Saturday, 19 May 2012

Screen Talk

Multiple Screens used in my show Rat Rose Bird.  Photo Credit: Briony Campbell

A theatre student from Scarborough Campus Hull Uni asked me last week why I use screens in my work and I wrote a quick statement for her... It's rather dry, but thought I'd post it up here as may well be useful again sometime in the future. Who knows...Thanks Alice Wicker for asking me the question in the first place!

"I use screens in a variety of ways in my practice. Not all of works feature them but a sufficient number do to warrant identifying them as a medium that is an important part of my artistic palette. I use them as they allow me to draw attention to details that the audience might not otherwise look at, or be able to see, or otherwise have access to.

For example in Grafting and Budding they allow the audience another viewpoint of the live action (a different angle at a different scale). In this work the screen elevates the live action making it epic. The pictures I am making on the tabletop, with spices, apples, materials, become more important than watching me the performer 'performing' (or at least AS important). The screen also reminds the audience to look again. They are silmutaneously being shown alternative viewpoints of the same event. This is particularly important in Grafting and Budding as the work is all about what can be seen or read through looking at the surface of 'things' or people. If the audience can so easily be shown the same event from different angles what else could they be 'seeing'? Should they trust their eyes, or should they dig deeper?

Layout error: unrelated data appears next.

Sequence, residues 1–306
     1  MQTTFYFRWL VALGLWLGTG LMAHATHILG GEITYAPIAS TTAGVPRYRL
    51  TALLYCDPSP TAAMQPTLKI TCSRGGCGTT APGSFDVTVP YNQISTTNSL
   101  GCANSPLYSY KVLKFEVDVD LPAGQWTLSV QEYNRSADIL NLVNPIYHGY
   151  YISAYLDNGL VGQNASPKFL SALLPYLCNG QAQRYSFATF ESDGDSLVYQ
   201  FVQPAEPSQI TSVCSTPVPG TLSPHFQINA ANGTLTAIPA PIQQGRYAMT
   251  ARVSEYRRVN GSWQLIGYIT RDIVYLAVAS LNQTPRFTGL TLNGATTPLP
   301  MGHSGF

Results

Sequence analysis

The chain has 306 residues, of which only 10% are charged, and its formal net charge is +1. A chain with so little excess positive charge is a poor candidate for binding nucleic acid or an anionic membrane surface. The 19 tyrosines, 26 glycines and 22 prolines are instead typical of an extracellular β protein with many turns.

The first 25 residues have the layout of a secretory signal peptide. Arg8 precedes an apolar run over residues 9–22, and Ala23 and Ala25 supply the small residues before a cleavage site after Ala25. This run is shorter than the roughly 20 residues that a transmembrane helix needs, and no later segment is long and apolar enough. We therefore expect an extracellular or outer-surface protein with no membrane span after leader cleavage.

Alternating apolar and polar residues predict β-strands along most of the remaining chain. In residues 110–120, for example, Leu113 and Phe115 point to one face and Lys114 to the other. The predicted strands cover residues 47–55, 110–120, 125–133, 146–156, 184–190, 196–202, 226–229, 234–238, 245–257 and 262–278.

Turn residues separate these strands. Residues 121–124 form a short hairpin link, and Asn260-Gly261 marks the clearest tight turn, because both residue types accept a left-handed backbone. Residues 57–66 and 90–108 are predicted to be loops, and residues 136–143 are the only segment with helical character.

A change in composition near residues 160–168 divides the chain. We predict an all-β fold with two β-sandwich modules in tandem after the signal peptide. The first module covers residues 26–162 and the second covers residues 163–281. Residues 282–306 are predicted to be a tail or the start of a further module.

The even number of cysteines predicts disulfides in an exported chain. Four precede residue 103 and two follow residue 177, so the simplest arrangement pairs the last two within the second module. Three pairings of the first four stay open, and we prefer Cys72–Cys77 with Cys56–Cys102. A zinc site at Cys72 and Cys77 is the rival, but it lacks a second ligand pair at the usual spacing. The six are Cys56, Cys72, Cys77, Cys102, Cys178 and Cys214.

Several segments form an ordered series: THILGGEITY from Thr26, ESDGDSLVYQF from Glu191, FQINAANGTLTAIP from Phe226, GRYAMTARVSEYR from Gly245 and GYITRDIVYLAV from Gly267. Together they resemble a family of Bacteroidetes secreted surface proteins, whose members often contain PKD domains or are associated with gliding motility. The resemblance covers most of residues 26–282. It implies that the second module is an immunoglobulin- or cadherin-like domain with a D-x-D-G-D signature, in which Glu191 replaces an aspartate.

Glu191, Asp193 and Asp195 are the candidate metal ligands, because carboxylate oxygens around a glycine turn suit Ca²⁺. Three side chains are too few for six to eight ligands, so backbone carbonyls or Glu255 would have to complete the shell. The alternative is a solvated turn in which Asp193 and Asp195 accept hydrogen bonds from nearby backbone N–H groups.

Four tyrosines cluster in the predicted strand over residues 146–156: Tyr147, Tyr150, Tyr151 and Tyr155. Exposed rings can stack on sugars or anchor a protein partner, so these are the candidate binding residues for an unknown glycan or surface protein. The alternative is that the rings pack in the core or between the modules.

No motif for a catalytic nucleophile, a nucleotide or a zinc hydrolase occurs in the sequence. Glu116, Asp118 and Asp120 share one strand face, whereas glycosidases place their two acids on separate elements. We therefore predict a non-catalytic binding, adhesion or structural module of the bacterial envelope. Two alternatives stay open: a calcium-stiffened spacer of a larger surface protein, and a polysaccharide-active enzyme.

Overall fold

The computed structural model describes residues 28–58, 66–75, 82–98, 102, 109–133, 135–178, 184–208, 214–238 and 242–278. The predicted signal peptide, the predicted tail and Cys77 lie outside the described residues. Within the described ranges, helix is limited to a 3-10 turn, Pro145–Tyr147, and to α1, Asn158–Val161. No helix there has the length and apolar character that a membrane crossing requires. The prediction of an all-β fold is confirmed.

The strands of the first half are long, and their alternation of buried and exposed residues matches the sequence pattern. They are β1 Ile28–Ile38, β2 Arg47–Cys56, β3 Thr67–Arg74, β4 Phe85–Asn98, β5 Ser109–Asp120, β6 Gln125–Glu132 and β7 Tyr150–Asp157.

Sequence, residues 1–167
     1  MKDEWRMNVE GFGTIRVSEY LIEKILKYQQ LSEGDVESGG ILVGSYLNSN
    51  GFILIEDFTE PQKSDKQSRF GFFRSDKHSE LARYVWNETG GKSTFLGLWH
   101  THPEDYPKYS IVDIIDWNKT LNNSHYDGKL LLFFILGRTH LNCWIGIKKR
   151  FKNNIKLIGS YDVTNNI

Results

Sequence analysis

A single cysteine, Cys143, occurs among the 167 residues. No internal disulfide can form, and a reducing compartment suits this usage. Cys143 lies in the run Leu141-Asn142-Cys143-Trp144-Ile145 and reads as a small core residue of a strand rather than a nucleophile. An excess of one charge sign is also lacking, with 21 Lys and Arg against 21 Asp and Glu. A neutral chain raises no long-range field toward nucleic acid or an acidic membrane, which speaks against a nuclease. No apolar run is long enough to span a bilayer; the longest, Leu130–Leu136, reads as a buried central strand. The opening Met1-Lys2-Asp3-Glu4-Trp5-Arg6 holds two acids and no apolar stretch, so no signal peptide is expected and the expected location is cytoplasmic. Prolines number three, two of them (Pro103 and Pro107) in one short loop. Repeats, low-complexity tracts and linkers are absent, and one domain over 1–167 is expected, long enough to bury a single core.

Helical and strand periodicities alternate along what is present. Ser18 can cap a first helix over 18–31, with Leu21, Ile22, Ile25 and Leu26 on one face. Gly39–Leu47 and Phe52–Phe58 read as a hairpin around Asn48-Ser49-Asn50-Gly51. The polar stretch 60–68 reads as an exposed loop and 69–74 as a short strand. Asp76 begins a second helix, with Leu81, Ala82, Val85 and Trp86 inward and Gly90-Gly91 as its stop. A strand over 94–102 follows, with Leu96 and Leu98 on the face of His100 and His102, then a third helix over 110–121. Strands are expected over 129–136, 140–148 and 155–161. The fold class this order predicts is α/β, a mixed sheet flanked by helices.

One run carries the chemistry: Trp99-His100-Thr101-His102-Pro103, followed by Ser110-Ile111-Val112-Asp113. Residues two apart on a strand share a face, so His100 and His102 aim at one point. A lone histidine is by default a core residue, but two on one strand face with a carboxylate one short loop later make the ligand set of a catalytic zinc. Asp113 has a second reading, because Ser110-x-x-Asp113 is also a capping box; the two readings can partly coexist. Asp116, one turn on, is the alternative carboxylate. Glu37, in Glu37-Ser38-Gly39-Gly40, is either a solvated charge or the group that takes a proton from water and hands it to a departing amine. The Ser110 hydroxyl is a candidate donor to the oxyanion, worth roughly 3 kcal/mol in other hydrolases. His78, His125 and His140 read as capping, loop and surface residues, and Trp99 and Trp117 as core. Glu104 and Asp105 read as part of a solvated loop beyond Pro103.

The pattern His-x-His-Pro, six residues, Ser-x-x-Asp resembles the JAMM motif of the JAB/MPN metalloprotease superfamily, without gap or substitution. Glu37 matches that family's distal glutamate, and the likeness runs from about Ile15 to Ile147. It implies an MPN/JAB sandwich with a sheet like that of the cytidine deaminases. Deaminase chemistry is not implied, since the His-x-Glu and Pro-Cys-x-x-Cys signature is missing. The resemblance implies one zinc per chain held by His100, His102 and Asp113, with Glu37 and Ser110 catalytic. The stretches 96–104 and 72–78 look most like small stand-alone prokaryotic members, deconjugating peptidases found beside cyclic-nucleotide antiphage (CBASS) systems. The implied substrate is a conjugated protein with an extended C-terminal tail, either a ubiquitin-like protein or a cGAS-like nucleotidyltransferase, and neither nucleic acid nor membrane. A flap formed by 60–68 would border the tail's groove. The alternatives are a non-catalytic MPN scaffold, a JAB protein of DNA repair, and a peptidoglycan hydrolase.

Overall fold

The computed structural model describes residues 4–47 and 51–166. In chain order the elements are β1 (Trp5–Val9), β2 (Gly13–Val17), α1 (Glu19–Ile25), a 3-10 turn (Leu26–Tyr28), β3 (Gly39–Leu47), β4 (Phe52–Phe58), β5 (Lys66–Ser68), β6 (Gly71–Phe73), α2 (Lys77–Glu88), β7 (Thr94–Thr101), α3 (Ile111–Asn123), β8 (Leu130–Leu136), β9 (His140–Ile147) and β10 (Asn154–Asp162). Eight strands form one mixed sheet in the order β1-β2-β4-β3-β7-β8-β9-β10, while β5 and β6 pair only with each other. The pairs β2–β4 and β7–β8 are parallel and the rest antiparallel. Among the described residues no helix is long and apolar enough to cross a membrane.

Similarly in Give Me Land Lots of Land, the audience are able to choose to either watch the on-screen glamorous version of me, where I miraculously make objects appear from my mouth, or, the 'real' version lying on a dusty floor with the mechanics of the 'trick' exposed.

In Rat Rose Bird I use both live feed and pre-recorded footage. The live-feed is used to make a very small scene appear normal scale and the pre-recorded footage gives audience access to diary like clips that aren't made for the stage. These images are then relayed across multiple screens at the same time in order to draw attention to the movement of the clips. This again has the effect of elevating them/makes them epic/makes them something 'other'. The onscreen action almost becomes like choreographed dance scenes and the televisions take on a sculptural quality when viewed as objects. The pre-recorded clips hint at other histories and different narratives and remind the audience to remember.

The type of screen I use is also not an arbitrary decision - the television/the largescale cinema screen/the angle the live-feed is shot at and how these are presented in relation to my live body are always very carefully considered in relation to the idea I am trying to convey."


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